This article is written by Peter Murray, who is chairman of the influential New London Architecture forum and of the executive committee of the London Society, a friend of this website. He has recently become one of the London Mayor’s Good Growth Design Advocates. He is also a dedicated cyclist.
The Mayor’s Draft Transport Strategy (MTS) makes much of the forthcoming benefits of the Elizabeth Line (Crossrail) and of Crossrail 2 for delivering economic growth in the capital, as well as new housing. Crossrail 2, for instance, is expected to support some 200,000 new jobs and unlock the development of the same number of new homes. But tucked away at the back of the MTS – and not even included in the executive summary, which is what most people will read – is a page entitled “Creating high-density, mixed use places”, which holds the potential to permit cycling infrastructure to support Sadiq Khan’s desire to deliver”‘good growth” for London, at a smaller scale than the Crossrail projects, but nevertheless important.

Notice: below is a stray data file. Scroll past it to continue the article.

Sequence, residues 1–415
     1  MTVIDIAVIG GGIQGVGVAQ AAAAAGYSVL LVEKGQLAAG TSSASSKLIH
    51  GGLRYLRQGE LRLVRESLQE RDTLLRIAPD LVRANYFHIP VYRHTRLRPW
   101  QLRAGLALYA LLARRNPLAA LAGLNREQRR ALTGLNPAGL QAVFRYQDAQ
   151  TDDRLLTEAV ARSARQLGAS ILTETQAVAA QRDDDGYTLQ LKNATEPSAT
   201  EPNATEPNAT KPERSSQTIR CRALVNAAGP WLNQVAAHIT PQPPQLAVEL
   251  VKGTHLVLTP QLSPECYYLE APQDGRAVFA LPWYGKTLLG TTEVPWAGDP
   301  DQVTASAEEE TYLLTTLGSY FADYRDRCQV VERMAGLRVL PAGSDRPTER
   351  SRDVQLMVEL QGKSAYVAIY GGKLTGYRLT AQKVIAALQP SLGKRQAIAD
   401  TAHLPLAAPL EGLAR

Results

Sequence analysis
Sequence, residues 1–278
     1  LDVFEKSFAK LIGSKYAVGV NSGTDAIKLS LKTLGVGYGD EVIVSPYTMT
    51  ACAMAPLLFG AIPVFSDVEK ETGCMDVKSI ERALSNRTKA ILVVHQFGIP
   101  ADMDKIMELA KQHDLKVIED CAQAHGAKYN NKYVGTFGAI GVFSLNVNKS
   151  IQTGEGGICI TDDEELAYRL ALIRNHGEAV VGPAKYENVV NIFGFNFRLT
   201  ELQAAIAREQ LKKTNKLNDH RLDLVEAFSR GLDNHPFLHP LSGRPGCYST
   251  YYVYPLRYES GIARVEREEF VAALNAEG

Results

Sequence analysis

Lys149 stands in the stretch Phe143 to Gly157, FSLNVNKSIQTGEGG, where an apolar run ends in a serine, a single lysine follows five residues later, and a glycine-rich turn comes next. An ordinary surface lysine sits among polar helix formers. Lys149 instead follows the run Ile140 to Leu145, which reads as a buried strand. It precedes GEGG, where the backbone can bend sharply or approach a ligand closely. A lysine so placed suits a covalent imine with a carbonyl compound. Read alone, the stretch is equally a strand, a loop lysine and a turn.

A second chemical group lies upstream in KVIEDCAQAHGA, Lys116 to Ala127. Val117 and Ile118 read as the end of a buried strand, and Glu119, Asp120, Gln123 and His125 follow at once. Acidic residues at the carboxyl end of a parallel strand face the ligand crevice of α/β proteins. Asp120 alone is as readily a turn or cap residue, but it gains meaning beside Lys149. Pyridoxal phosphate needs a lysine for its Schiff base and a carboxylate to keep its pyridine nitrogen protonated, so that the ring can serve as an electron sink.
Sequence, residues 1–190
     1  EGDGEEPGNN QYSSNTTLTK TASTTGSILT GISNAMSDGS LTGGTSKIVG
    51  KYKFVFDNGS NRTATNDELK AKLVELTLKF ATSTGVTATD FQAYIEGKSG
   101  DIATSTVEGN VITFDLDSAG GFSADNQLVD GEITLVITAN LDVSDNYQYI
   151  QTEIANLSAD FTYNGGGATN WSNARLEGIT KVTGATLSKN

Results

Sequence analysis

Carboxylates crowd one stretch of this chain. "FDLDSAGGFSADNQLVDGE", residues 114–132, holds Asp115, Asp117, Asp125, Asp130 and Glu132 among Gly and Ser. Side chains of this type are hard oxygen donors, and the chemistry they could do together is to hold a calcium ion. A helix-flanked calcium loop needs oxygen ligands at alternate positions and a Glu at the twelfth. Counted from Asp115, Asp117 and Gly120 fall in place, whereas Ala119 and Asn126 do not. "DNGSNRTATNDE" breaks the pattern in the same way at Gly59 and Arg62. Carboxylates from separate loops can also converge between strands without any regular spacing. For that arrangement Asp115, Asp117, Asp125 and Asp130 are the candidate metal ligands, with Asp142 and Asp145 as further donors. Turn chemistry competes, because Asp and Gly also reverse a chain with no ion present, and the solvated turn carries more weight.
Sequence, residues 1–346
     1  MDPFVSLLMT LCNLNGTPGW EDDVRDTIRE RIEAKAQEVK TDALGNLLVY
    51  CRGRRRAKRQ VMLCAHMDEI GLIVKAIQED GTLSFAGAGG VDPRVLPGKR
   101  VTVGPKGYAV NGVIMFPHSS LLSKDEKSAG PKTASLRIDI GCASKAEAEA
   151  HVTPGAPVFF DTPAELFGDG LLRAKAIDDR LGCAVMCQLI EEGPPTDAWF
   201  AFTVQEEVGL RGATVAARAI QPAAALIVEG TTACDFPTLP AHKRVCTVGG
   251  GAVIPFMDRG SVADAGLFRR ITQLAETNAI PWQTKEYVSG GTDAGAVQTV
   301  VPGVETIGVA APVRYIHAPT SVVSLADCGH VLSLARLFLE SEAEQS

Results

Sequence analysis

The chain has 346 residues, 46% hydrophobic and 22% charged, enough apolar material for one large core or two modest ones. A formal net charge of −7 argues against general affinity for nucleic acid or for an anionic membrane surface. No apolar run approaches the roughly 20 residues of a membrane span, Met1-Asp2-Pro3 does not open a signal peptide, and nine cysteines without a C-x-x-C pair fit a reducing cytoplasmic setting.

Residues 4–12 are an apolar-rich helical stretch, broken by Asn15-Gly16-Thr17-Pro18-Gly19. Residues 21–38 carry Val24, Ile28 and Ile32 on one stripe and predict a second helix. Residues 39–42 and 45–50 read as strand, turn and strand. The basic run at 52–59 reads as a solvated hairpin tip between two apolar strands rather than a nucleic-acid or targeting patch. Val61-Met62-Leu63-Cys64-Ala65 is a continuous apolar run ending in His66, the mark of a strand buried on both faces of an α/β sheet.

I have been interested in the development potential of cycling since I rode across the United States a few years ago, looking at how new biking infrastructure was changing American cities. On the outskirts of Minneapolis, my guide from the Department of Transportation pointed out a number of new intermediate housing developments located next to the Greenway, an old railway line transformed into a cycle track that takes riders safely and quickly into the heart of the city. It meant that younger people were able to access affordable homes through cycling.
On another cycle trip, this time to Copenhagen, I ended up at 8 House in Oresund, a ten storey block designed by BIG architects with a spiral ramp that allows residents to cycle right up to their front doors. Sitting right on the edge of the city limits, it provided easy “active travel” links into the centre.
I’ve also noticed changing habits at home. I live in West London near Turnham Green Tube station. Every time the local council (Hounslow) provides more cycle parking round the station it is immediately filled up with bikes ridden largely by local people who live a bit too far away from the station to walk to it and find cycling much more direct and convenient than using the bus. (Local parking restrictions now make the journey impossible by car).